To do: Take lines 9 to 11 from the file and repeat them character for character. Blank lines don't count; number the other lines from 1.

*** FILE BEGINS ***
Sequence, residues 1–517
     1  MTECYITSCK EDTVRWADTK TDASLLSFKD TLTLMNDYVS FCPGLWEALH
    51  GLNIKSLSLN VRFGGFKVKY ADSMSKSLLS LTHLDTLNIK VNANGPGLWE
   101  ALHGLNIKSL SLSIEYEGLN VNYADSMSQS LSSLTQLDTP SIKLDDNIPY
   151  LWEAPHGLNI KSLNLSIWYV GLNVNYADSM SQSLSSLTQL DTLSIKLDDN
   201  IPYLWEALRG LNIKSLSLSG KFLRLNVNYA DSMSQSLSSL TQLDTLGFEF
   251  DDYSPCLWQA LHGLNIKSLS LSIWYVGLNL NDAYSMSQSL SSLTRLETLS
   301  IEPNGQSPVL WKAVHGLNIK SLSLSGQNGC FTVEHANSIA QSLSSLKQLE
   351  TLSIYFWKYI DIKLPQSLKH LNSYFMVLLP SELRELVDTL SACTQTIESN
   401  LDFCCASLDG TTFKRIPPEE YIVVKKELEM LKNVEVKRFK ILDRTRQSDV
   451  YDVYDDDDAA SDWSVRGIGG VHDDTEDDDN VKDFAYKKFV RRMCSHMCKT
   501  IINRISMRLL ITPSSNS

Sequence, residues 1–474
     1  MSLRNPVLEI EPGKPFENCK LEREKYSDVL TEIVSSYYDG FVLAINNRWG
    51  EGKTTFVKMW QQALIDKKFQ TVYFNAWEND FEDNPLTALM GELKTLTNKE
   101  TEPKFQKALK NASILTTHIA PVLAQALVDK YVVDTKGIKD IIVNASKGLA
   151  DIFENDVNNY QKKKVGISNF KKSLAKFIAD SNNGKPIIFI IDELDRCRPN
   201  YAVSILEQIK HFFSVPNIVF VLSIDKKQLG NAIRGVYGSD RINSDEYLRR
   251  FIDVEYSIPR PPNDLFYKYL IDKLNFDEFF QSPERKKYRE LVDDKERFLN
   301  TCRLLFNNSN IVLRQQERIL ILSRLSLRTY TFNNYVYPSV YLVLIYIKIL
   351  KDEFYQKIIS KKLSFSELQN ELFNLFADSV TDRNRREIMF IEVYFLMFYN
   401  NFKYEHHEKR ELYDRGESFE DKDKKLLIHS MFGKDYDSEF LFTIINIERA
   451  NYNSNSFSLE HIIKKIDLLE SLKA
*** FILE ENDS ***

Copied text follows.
   351  TLSIYFWKYI DIKLPQSLKH LNSYFMVLLP SELRELVDTL SACTQTIESN
   401  LDFCCASLDG TTFKRIPPEE YIVVKKELEM LKNVEVKRFK ILDRTRQSDV
   451  YDVYDDDDAA SDWSVRGIGG VHDDTEDDDN VKDFAYKKFV RRMCSHMCKT